The writer of The Only Living Boy gives his selections for International Children’s Book Day today.
By DAVID GALLAHER
When I think about growing up — I am reminded about the comics that affected me and the stories that influenced my life well into adulthood. When Steve Ellis and I began working on The Only Living Boy, we found ourselves not just telling the story about a boy lost in a patchwork alien world, but also a deeper story about trying to navigate the wonder and terror of being a pre-teen. We found ourselves tapping into our own experiences, not just as kids — but also as a teacher and a father, respectively. Growing up can be a grand adventure — filled with triumphs and tragedies — friends and monsters.
The greatest stories help us make sense of a world that often makes little sense at all. They give us context — allowing us to fight the monsters in our own lives — reminding us that we are never as alone as we think we are.
1. My favorite YA superhero comic series growing up — the one that spoke to me on a level that I can’t quite articulate even as an adult — was Marvel’s The New Warriors by Fabian Nicieza and Mark Bagley. In those first 25 issues, I had found a friend with every member of that ragtag team — the boy scout, the punk, the rebel, the innocent. The series captured my anger, my frustration, my arrogance and my idealism about how the world was. More importantly — iT motivated me to change it. Marvel recently relaunched the series under the pen of Chris Yost and the pencil of Marcus To. We’re just a few issues in … but it looks like it is going to be a lot of fun.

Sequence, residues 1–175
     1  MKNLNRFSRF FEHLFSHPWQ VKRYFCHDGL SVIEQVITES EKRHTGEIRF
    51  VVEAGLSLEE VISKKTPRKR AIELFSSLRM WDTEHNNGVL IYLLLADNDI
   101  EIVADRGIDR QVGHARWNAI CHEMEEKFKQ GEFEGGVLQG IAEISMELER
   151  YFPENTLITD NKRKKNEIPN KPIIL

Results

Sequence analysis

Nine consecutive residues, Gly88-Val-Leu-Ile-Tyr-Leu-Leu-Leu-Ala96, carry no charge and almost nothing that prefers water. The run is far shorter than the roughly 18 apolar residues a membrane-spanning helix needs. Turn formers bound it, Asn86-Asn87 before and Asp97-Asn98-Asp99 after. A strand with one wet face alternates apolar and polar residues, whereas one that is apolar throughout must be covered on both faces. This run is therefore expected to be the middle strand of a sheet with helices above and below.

2. Ms. Marvel — guided by Sana Amanat, G. Willow Wilson, and Adrian Alphona — is also off to a spectacular start. Watching the young Kamala Kahn struggle with her own identity — from the young woman she is to the mighty hero that she wants to become — is a thoughtful, fun, and engaging adventure.
3. Prepare for adventures on the high seas with The Unsinkable Walker Bean by Aaron Renier. Published by First Second Books, this is an amazing tale of peril, curses, wicked sea witches and pirates! It’s a captivating and lively tale about young inventor Walker Bean, who must risk life and limb to save his beloved grandfather. It reminds me off all the best bits of Treasure Island, Adventure Time, and Dungeons & Dragons all rolled into one. Reading it, I found myself considering taking up a career as a sword-slinging swashbuckler!
4. Lucy Knisley’s Stop Paying Attention is a beautiful mediation on young adulthood and growth. It’s also a colorful, compelling and deeply personal autobiographical webcomic that captures the awkwardness of adolescence, the uncertainly of being a grown up, and the joy of creature comforts.
5. Looking for something for a Harry Potter fan to get into? Fairy Tail follows the adventures of Lucy Heartfili, who joins an adventurous wizards guild. The manga series, from Hiro Mashima and Kodansha Comics, is filled with dark magic, renegade sorcerers, charming rogues and dragons. The characters are drawn from Mashima’s own collection of friends and family, giving the dialogue and the jokes this extra level of verisimilitude. It’s also an incredible amount of fun.
Writer David Gallaher and artist Steve Ellis’ YA webcomic “The Only Living Boy” is now being serialized! There are updates each and every Monday, Wednesday and Friday at http://the-only-living-boy.com. Also: Comixology has given the creators’ Bottled Lightning imprint a 50% OFF redemption code, ONLYLIVINGBOY, for use to use in celebration of International Children’s Book Day. The code is valid until 11:59 pm ET April 2 (tonight) and can be applied to both the first and second issues of the series. Click here.